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The Mixed Methods Blog
The Mixed Methods Blog

New Lesson Study Tools for College Faculty

Faculty work together during a professional development session

By Susan Bickerstaff and Jacqueline Raphael

This post first appeared on the Education Northwest blogA video is available of our March 18 webinar on implementing lesson study in community colleges. 

Community colleges have undergone significant reform in the past decade, much of it led by faculty. However, few documented reform efforts have systematically supported faculty in improving teaching and learning. In fact, faculty professional development rarely focuses on classroom practice. On-the-job training is especially limited for part-time faculty, even though they make up the majority of instructional staff in community colleges.

Today, college faculty need more support than ever to enhance and refine instruction. In response to COVID-19, more instructors must use instructional technology and teach their courses online. As colleges rightly focus on reducing racial disparities in student outcomes, they must also support faculty in implementing pedagogical approaches that will close opportunity gaps.

To address these challenges, Education Northwest and the Community College Research Center partnered with three community colleges to adapt lesson study, a professional development strategy proven to be effective in K–12 classrooms, to the postsecondary context. In close collaboration with faculty members, we developed three new resources to support this work: a facilitator guide, a participant guide, and an online notebook that lesson study teams can use to record their efforts.

On March 18, we held a webinar to introduce these new lesson study resources and share findings on how lesson study affects faculty attitudes and behaviors and student learning. College faculty also discussed their own experiences with lesson study.

What is lesson study?

Lesson study is a structured, collaborative approach to teacher inquiry that examines how lesson design and instructional choices influence student thinking and learning. The goal of the process is to learn about practices that can lead to improved student learning more broadly.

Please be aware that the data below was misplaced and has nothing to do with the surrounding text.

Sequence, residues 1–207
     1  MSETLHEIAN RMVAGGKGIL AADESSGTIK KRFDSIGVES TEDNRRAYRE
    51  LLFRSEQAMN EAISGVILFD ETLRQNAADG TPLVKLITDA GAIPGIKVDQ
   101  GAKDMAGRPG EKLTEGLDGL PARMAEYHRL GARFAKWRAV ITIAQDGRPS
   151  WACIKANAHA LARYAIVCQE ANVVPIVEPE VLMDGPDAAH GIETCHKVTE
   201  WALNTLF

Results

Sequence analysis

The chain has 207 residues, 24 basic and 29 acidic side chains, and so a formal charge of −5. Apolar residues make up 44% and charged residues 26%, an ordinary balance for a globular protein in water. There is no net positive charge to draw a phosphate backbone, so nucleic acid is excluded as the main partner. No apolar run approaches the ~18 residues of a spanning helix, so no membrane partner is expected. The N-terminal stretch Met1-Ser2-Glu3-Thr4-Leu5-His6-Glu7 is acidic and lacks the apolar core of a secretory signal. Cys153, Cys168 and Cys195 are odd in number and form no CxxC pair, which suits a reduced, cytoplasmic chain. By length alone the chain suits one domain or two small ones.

Lesson study teams work in cycles consisting of four stages:

  1. Studying and planning a lesson
  2. Teaching, observing, and debriefing the lesson
  3. Revising and reteaching the lesson
  4. Reflecting and reporting on the results

How does lesson study support faculty in changing classroom practices?

In a forthcoming journal article, we describe specific ways faculty members changed their classroom practices during the project period. We also found that three features of lesson study supported the adoption of new instructional approaches.

  • Lesson study is explicitly grounded in goals for student learning. The lesson study protocols during the cycles of planning, debriefing, and revision prompt teams to connect specific instructional strategies to both the specific goals of the lesson and longer-term student goals.
  • Lesson study asks faculty to look closely at students and their learning. In each lesson study cycle, faculty teams observe two classrooms, and during these observations, they focus their attention on students. This sustained, intentional observation of students interacting with course content may be an uncommon experience for many faculty members.
  • Lesson study provides a supportive environment to experiment with something new. The framing of a cycle around a single lesson and the opportunity to innovate in collaboration with colleagues lowers the stakes for faculty members to change their instructional approach.

Learn more about lesson study in community colleges

Education Northwest and the Community College Research Center published a 2019 report describing our collaborative project in more detail, including how faculty teams at our three partner institutions implemented lesson study. The report also shares promising practices that other colleges can use to realize the model’s benefits for their own faculty and students.

Susan Bickerstaff is a senior research associate at the Community College Research Center and Jacqueline Raphael is a practice expert in system change at Education Northwest.

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